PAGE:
K-12 Schools and Online Learning

K-12 Schools and Online Learning

Anita Dorniden (Holdingford High School, USA)
Copyright: © 2009 |Pages: 7
DOI: 10.4018/978-1-60566-198-8.ch187
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Abstract

Alternative options to the traditional school setting abound and threaten the survival of some school districts. These alternatives include, but are not limited to, home schooling, charter schools, alternative learning centers, post-secondary options, and online learning. Schools are already addressing this concern by offering their own ALC programs, advanced placement or accelerated courses, independent study courses, or ITV (interactive television) courses. Some schools have created their own online courses to supplement traditional classrooms. Many other school districts are considering offering online courses. Before school districts commit to such a course of action, there are questions to be answered. Is online learning an appropriate delivery method for students in kindergarten through twelfth grade? Should traditional schools offer some of their courses online? If they do enter the online arena, how do they make the program a success?
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History And The Present State Of Online Learning

Distance learning has a long history in education. Long before the Internet existed, schools were offering distance courses. Pitman shorthand was taught via correspondence course in England as early as 1840 (Maeroff, 2003). In the 20th century, radio and television were incorporated into one-way instructional opportunities. While serving a purpose, many students found these options to be less than ideal. By 1972, technological innovations had enabled distance courses to incorporate two-way communication; and during the last half of the 20th century, interactive television courses, videoconferencing courses, and online courses emerged. By 2002, 81% of all US universities offered online learning courses (Allen & Seaman, 2003, p. 2). There were an estimated 1.6 million online students in 2002, with one-third of these students completing their entire program online (Allen & Seaman, 2003).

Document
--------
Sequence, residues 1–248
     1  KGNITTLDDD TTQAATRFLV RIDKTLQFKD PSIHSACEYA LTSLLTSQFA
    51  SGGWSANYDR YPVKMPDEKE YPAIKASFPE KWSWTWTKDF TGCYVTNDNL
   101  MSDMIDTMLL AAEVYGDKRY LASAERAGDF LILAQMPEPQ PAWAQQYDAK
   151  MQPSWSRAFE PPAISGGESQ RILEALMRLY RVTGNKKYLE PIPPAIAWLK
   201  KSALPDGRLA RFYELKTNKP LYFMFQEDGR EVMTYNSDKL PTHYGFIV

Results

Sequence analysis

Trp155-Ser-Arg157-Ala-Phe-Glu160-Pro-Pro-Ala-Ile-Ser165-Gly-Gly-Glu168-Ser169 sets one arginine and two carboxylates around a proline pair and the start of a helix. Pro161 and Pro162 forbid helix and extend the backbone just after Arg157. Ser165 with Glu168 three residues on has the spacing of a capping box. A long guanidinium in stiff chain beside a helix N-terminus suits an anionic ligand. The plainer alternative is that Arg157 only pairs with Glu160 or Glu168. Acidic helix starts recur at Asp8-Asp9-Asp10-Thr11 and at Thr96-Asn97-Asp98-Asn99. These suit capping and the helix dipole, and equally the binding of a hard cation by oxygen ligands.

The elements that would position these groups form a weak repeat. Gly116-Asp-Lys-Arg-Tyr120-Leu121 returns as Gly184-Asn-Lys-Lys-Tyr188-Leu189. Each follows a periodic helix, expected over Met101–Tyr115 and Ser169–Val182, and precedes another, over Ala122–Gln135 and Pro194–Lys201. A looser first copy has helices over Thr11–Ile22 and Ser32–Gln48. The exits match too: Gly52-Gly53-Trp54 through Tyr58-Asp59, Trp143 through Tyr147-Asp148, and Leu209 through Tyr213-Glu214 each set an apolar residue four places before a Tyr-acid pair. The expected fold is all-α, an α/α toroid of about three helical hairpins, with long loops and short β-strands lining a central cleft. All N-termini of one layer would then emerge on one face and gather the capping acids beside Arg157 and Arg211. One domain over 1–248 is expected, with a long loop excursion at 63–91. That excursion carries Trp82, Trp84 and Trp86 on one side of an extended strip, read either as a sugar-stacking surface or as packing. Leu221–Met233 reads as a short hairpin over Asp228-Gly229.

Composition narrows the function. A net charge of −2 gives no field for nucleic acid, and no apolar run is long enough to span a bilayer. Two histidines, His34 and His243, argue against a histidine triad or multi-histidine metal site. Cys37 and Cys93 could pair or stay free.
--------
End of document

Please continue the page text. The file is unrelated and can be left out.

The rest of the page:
In the 1990s, the online learning trend spread to elementary and high schools. Today many K-12 online opportunities exist, with everything from single courses to full programs available. According to Mills (2002), 43 states and the District of Columbia offered some type of online school or coursework for K-12 students in 2002 (Data Sources section, paragraph 1). The University of Missouri Center for Distance and Independent Study Outreach Program for high school students started offering courses in 1991. That year the program attracted only 14 enrollments. By 2002, 2,399 enrollments were documented (Maeroff, 2003). It is estimated that by 2006, more than 50% of all students will have taken an online course by the time they graduate (National Education Association, 2002, paragraph 2).

Key Terms in this Chapter

Online Learning: Educational program where content is primarily delivered through the Internet. Communication is typically asynchronous, occurring through e-mail, listservs, discussion postings, and chat rooms.

Alternative Learning Center (ALC): A program that provides educational options to students who are at risk of experiencing failure or already have been unsuccessful in a traditional school setting.

Distance Education: The process of providing instruction when students and instructors are separated by physical distance (Gilbert, 2001, p. 235).

Post-Secondary Option: Educational alternative allowing students (usually juniors and seniors) to take courses at post-secondary institutions, earning both high school and college credit.

Interactive Television (ITV): A course broadcast between two or more remote locations that allows instructor and students to interact in real time.

Web Content Accessibility Guidelines: Guidelines published by the World Wide Web Consortium (W3C) to explain how to make Web page content accessible to people with disabilities and to define target levels of accessibility (W3C, 2004, p. 1).

Charter School: Independent public school created by teachers, parents, and others with approval of the governing state to create an alternative choice for students seeking a program that matches their educational interests and/or needs.

Asynchronous Communication: Communication in which interaction between parties takes place at different times (Gilbert, 2001, p. 232).

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